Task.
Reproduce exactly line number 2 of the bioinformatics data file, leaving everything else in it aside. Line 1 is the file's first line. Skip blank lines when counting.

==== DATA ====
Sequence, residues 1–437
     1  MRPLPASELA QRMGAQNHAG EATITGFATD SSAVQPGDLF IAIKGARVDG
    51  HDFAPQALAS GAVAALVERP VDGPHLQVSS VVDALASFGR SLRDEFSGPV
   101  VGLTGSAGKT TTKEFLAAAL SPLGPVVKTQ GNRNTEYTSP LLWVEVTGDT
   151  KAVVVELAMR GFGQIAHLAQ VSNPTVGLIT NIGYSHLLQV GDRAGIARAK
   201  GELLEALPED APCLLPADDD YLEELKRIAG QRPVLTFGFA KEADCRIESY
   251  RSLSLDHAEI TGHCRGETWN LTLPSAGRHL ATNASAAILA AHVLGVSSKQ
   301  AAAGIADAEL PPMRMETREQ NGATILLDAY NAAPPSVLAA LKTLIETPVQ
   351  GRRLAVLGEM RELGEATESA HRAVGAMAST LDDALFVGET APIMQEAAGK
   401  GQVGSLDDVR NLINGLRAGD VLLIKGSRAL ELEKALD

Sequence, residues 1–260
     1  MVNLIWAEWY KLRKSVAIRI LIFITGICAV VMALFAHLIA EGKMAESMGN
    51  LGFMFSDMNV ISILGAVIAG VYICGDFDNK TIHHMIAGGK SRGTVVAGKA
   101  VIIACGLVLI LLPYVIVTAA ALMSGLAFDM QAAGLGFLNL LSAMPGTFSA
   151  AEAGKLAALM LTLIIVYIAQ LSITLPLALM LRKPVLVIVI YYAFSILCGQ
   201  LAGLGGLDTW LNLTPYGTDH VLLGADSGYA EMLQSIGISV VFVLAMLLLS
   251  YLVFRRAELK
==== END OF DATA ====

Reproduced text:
     1  MRPLPASELA QRMGAQNHAG EATITGFATD SSAVQPGDLF IAIKGARVDG